Trapped by bloated channel packages and limited flexibility, consumers are voting with their feet. Pay TV networks have lost millions of viewers in the last few years, bringing into serious question how much longer its mature model of content aggregation and distribution can last.
Where are consumers going? The Internet, of course. And why not? For those who have cut the cord (or, for a growing segment of younger consumers, never had a cord in the first place), the world is much brighter and the focus far sharper. Much of the network programming they want is available on demand from the programmers’ own Web sites, or from virtual bundlers including Hulu, Amazon, Apple and Netflix, either for free or at a fraction of the cost of a standard cable subscription, offered through customizable a la carte, subscription, and ad-supported options.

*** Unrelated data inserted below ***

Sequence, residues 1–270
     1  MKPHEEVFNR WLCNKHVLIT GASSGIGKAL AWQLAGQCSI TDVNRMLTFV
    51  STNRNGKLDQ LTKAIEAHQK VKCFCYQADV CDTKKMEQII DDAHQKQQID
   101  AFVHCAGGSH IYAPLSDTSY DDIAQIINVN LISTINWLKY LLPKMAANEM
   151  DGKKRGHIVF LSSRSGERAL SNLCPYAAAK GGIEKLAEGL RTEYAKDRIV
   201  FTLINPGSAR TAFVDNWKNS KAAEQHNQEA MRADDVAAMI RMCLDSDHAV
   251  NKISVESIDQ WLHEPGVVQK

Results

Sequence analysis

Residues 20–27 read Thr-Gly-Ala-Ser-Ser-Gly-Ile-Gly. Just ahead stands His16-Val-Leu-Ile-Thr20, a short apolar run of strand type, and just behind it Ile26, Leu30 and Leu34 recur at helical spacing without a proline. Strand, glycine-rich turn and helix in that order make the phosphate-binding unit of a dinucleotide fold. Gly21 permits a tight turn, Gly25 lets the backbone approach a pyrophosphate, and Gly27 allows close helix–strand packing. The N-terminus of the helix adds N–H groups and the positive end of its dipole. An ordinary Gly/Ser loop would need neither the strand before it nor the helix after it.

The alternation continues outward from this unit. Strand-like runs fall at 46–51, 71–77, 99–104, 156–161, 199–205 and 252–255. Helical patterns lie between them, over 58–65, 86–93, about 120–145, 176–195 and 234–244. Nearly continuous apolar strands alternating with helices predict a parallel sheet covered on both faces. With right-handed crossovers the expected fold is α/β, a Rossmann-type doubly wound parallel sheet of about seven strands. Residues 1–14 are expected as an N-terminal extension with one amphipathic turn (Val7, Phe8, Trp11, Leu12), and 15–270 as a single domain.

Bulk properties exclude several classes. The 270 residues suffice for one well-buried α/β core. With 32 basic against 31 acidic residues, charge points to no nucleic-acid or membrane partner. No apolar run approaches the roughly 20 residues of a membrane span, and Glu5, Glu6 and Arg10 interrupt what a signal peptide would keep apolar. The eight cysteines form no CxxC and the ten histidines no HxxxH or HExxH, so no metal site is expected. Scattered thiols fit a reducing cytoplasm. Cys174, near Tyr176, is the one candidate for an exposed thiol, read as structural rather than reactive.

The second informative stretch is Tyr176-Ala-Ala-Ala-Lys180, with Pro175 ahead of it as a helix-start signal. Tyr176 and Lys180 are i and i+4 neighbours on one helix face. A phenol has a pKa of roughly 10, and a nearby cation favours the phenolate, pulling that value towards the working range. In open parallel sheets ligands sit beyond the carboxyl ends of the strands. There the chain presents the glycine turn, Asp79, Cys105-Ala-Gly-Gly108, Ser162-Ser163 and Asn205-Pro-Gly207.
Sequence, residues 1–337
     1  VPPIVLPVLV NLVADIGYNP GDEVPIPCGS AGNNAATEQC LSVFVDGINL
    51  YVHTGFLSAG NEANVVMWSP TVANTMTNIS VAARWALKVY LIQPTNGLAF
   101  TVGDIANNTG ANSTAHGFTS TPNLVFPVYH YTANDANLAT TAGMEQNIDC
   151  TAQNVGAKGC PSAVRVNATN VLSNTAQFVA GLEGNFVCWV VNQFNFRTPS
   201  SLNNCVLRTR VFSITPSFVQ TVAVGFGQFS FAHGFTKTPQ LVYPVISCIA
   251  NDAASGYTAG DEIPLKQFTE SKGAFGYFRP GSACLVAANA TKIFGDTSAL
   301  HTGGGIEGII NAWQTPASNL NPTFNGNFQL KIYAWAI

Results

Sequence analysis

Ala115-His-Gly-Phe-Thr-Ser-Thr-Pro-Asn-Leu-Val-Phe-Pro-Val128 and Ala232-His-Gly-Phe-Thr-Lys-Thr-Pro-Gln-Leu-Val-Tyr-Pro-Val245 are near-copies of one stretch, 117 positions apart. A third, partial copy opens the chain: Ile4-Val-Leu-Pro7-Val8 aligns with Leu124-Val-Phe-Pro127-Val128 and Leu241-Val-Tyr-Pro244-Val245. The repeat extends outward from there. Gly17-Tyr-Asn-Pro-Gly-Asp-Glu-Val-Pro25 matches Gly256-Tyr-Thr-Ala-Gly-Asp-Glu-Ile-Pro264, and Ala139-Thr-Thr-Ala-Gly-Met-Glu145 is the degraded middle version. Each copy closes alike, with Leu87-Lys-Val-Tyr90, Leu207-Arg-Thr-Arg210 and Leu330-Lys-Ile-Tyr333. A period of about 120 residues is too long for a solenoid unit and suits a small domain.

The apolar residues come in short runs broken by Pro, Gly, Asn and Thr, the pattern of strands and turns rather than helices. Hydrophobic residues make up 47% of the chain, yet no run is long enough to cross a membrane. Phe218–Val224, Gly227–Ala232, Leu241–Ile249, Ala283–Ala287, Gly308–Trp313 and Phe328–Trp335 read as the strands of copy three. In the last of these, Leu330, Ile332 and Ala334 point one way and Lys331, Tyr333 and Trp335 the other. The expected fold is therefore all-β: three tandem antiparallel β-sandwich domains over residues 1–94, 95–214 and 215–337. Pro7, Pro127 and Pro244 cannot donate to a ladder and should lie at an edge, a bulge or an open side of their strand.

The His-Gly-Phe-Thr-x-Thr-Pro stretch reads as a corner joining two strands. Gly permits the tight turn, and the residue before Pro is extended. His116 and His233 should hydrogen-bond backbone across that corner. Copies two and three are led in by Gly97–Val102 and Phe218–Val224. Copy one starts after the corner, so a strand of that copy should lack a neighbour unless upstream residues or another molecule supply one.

But beyond content traditionally available from cable, satellite or broadcast, a vast new world of video has opened up, built on increasingly better and cheaper video production equipment, cloud computing, bootstrapped funding sites including Kickstarter, and new aggregators such as YouTube and Vimeo. On YouTube alone, users upload 100 hours of original programming every minute, and not all of it about cats.
Popular channels on these sites support tens of millions of subscribers, and maintain a level of interactivity unheard of in the stagnant world of traditional media. Producers ask the viewers what shows they want to see next, and promptly produce them. Fans share the programming they like on large-scale social networks including Twitter, Reddit, and Facebook.